Synopsys’ physical verification tools have been upgraded to deal with 3D-IC. While it is possible to use 2D tools for 3D designs, it isn’t convenient. 3D structures and rules can be added to a 2D-IC DRC deck, but dealing with the LVS decks, and also manipulating the netlist, is much more difficult.

Place and route

The Synopsys 2.5D-IC silicon interposer-based physical implementation solution uses existing tools. A silicon-interposer can be considered as the top level of a hierarchical design, and the various die as its hierarchical blocks. They can then be routed together using the IC Compiler™ Zroute technology.

Zroute technology has three advantages for routing a silicon interposer:

  • It is designed to deal with millions of nets, unlike tools derived from PCB layout.
  • It can handle an arbitrary number of layers.
  • It can automatically complete the routing of any number of nets and layers.

Synopsys is also developing an RDL router that can route on 45° angles, to complement the Manhattan router in IC Compiler. Figure 12 shows the RDL routing (shown in green) between a TSV and a C4 bump on the back side of the silicon interposer.

<em>Routing µbump to TSV (top side) to C4 bump (back side)</em> (Source: Synopsys)

Figure 3 Routing µbump to TSV (top side) to C4 bump (back side) (Source: Synopsys)

The Galaxy Custom Designer tool can also be used to pre-route analog nets. Once the initial floorplanning and the power and ground grid synthesis has been done, Custom Designer can be invoked from within IC Compiler to do net shielding, differential-pair routing, or matched-resistance routing.

Enabling the advantages of 3D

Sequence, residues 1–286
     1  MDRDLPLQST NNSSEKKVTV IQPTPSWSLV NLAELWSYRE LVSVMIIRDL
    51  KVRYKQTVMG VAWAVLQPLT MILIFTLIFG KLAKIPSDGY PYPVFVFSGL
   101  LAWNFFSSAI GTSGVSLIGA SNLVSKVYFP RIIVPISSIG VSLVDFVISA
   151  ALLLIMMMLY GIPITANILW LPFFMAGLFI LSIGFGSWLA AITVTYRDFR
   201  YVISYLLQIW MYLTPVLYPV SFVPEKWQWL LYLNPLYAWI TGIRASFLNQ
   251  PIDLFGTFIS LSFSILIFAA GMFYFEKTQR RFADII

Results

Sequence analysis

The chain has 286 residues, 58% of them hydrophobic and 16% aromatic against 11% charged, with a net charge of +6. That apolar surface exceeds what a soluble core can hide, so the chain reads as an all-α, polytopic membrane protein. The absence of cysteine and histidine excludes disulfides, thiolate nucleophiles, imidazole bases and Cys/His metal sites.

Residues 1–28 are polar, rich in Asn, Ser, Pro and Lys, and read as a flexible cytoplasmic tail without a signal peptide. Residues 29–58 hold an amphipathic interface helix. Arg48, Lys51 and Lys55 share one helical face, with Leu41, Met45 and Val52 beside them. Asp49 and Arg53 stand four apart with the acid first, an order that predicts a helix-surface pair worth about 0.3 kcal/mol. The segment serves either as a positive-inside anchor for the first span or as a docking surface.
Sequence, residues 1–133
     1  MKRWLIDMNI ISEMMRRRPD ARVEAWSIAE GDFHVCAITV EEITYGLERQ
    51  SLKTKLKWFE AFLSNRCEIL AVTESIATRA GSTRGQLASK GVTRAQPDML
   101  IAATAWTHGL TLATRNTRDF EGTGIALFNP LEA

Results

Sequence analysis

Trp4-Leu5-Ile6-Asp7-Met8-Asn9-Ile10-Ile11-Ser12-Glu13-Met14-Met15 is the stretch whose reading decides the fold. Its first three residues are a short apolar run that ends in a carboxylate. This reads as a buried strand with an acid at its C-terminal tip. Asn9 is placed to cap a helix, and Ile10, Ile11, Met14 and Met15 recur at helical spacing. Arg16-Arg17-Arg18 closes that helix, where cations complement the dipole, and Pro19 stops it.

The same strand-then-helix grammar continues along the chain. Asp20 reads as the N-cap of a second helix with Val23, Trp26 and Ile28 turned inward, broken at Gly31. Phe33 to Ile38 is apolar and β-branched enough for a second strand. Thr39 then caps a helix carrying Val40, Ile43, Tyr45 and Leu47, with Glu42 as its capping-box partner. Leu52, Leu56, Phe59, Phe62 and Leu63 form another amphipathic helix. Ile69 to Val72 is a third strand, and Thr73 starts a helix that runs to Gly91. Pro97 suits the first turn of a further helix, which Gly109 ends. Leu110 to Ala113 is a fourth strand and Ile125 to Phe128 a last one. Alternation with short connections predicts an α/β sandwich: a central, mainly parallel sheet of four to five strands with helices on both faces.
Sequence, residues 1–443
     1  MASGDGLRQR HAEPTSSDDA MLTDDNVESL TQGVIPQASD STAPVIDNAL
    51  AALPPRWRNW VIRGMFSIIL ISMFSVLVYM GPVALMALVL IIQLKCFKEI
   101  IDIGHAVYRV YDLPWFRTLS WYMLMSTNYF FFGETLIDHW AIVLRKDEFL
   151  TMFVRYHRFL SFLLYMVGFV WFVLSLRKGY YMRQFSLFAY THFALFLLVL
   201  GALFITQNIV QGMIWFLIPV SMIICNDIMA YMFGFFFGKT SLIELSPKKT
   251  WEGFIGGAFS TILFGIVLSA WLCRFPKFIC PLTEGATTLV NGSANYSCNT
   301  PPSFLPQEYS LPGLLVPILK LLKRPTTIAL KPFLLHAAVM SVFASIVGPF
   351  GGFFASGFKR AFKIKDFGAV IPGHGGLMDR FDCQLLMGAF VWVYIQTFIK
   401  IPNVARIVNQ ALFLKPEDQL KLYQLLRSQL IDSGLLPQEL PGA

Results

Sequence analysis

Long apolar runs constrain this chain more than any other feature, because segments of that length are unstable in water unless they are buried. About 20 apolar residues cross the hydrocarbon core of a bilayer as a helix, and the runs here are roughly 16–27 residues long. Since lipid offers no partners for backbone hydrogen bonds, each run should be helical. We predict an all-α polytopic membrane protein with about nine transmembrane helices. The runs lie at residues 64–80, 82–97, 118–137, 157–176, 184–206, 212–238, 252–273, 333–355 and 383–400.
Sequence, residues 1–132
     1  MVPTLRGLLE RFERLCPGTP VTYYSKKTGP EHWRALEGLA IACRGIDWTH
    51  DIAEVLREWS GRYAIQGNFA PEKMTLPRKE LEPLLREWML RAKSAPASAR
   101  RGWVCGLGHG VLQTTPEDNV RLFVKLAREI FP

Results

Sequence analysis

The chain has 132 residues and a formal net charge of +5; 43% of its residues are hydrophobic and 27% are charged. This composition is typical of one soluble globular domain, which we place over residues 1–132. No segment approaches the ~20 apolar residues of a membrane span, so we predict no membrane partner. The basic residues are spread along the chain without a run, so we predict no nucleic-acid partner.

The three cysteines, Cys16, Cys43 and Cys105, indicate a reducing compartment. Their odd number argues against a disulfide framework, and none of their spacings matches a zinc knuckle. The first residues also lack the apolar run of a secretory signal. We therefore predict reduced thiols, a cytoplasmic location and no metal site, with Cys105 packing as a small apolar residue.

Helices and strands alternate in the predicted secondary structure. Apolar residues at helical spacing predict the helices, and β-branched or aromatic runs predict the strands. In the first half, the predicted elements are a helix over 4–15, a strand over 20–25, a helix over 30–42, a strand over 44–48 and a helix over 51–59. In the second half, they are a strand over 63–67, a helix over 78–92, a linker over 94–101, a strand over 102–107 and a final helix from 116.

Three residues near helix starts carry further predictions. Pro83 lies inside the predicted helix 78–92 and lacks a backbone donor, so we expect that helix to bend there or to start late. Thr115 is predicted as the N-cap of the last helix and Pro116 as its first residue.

An evolution of existing tools will help make 3D integration, in the form of a 2.5D-IC, silicon interposer-based approach, more widely accessible. Once the basic integration of existing dice is widely understood, the architectural freedom that the third dimension brings can be explored. For example, it would be possible to move the global power and ground mesh for a number of dice onto the silicon interposer, to save die area and enable a simpler manufacturing process. The ability to closely integrate functions should also enable subsystems (memory, logic, analog processing) to be produced on optimised processes, cutting manufacturing costs and improving systemic yield.

The impact of moving to true 3D-IC stacks is more revolutionary. Pathfinding tools may be necessary to deal with the cost, performance, manufacturing, thermal, and test trade-offs, as well as helping to assess whether a 2D or 3D integration scheme is most appropriate.


Michael Jackson is vice president of Physical Implementation R&D at Synopsys. He joined Synopsys in 2002 as part of the Avant! acquisition where he led the engineering efforts for physical design and simulation products. Michael received his Ph.D. in Electrical Engineering and Computer Sciences from the University of California at Berkeley.

This article is based on a presentation given by Dr Jackson at the 2011 3D Architectures for Semiconductor Integration and Packaging Conference.